48 hours until the SAT!

What to do in crunch time

48 hours until the SAT!

Many students spend months and sometimes even years preparing for the SAT. 

 

But let’s say you’re one of those “last minute” students who cram before any test. What if you’ve only got 48 hours until the SAT? Can you improve your score—and actually do better than you thought you could?

 

Ideally, you do want to spend weeks or months before the SAT taking practice tests and trying new strategies. However, if you’ve only got a short time left before the SAT, here are four quick strategies to help you get ready.

 

Manage your time wisely

 

With just 48 hours left before the SAT, you should set aside any extracurricular commitments. You’ll need at least 10 hours of prep over the 48-hour time span. If you’re in school, this means studying during your lunch breaks, in between sports practices and your other school activities. Most importantly, it means studying as soon as you get home. Turn off Facebook and grab an SAT book. I would also highly recommend downloading a free practice test from the College Board.

 

Focus on fewer problems

 

Take one full practice test. This will take about four hours. Do this test under timed conditions without distractions. Once you’ve finished the official practice SAT, choose three problems from each section that you got wrong. Having chosen these “missed” problems from the practice test, re-write and solve them on a separate piece of paper. Often, students try to do too many problems and forget to focus on the problems they actually missed. 

 

Isolating the problems you missed is essential to knowing what you should focus on for the test. As there are 10 sections on the SAT test (including the essay), your paper should have a maximum of 30 missed problems on it. Even if you missed more than 30 questions, keep the paper simple and focused with fewer, more concentrated problems.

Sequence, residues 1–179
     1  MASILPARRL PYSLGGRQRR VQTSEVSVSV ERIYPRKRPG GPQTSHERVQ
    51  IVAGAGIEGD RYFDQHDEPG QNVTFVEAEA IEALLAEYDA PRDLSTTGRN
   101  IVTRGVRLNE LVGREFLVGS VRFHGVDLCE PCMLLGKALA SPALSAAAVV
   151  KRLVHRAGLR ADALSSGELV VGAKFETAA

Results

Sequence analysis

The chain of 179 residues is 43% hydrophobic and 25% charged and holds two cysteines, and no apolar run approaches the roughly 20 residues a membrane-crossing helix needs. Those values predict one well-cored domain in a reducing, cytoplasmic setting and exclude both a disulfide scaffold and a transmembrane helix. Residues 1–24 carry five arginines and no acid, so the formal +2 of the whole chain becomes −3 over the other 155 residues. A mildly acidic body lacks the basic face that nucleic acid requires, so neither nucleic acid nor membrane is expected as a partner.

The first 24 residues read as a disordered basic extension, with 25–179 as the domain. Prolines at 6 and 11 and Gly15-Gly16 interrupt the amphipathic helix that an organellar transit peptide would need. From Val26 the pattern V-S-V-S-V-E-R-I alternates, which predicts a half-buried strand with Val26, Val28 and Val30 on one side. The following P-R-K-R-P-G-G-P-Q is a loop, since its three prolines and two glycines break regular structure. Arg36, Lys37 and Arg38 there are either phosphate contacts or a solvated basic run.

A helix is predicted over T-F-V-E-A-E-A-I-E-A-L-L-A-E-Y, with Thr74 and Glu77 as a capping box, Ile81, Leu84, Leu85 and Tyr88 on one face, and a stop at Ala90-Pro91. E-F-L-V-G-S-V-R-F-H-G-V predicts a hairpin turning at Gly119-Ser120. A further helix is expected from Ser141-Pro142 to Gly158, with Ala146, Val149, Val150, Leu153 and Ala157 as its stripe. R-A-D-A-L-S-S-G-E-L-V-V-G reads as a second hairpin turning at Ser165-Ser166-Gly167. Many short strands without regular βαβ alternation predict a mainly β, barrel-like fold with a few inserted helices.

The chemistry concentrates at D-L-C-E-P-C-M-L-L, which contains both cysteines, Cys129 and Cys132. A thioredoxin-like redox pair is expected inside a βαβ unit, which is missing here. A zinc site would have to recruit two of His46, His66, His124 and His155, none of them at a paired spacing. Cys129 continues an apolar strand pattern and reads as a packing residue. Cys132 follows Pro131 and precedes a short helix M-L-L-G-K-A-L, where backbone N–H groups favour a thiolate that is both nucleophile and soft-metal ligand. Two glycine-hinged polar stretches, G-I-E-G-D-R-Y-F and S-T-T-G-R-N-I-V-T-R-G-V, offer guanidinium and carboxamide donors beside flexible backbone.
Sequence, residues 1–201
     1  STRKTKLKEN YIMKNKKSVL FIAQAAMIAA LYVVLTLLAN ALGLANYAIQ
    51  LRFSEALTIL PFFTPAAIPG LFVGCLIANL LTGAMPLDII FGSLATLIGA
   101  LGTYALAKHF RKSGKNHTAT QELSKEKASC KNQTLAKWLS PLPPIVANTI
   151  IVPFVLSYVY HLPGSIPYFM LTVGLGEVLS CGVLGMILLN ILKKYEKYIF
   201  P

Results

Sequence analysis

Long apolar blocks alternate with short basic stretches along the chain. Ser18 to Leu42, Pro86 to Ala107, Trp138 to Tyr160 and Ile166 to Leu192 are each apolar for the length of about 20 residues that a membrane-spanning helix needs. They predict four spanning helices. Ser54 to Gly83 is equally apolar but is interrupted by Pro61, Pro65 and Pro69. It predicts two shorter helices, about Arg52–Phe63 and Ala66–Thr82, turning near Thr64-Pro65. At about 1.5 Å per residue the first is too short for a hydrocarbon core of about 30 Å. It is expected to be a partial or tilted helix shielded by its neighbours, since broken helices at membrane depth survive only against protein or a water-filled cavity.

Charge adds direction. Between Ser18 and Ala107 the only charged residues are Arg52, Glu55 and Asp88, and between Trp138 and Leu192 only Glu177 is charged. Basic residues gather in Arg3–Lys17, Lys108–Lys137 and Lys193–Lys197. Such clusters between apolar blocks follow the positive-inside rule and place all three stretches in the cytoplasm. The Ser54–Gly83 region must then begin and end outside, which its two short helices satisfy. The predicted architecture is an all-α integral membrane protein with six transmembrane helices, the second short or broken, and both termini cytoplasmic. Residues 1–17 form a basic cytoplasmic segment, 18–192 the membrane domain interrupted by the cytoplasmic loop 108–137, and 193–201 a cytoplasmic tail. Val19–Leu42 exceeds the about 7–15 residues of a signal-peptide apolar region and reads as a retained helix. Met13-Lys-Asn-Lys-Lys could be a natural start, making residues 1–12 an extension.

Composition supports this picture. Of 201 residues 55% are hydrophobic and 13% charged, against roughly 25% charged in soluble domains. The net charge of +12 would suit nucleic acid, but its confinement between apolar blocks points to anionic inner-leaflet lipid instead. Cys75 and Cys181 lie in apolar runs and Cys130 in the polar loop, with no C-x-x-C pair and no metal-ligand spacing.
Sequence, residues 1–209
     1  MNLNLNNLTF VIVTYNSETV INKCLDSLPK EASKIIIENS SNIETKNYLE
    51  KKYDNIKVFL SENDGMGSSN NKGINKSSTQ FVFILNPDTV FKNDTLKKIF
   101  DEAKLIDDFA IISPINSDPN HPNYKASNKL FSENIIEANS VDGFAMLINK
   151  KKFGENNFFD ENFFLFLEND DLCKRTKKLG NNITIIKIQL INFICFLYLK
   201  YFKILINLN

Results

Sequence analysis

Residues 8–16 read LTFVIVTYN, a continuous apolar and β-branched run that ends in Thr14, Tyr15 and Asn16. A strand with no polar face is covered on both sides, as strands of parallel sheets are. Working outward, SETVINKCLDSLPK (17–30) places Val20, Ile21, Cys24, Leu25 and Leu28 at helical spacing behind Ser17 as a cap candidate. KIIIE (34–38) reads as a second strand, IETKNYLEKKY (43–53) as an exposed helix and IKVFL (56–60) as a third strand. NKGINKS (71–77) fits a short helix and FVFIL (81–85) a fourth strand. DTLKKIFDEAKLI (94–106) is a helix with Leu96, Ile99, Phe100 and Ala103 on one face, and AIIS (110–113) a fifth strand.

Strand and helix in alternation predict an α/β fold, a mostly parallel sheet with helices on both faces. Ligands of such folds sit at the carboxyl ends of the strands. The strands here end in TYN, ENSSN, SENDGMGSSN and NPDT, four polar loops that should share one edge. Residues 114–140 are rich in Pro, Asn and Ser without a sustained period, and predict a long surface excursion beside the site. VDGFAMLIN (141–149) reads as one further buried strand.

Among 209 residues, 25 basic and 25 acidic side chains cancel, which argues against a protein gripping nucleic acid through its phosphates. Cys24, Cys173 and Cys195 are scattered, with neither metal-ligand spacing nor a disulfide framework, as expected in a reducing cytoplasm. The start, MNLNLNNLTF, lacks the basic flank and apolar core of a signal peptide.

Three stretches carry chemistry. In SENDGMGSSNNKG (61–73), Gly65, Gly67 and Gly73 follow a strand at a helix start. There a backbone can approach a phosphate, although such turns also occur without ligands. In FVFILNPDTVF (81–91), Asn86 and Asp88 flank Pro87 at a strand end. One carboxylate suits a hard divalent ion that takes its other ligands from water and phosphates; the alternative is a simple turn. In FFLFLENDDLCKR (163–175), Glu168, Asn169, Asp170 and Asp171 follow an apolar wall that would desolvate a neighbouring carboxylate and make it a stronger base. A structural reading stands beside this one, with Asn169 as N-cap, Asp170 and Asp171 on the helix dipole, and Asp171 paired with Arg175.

Try out the SAT’s math formula box 

 

Most students are familiar with the formula box that begins every SAT math section. This box is called the “Reference Information” section. Many SAT math problems are based on this formula box. 

 

Before test day, try to do at least five problems for each formula presented. Begin with basic algebra and move to more complex special right triangles. Luckily, the actual SAT math section goes no further than Algebra II and Geometry, so the formula box is a pretty accurate representation of the scope of problems in the math section.

 

Stay rested and relaxed

 

You should always stay rested and relaxed before the SAT. It’s very common that students have trouble sleeping before big tests. This isn’t always a bad thing, though. In fact, it shows you care about the test and really want to get into college. 

 

To help you sleep better, don’t drink too much caffeine during your preparation for the test. Caffeine could quite possibly make you more nervous and anxious. Stay hydrated with water and eat a regular diet. And don’t eat junk food! Bad food will make you tired and less energetic when test day comes.

 

Even with 48 hours before the SAT, a higher score is possible. Remember to manage your time wisely, focus on fewer problems, know your math formula box and stay rested.You’re score is bound to improve with the right preparation.



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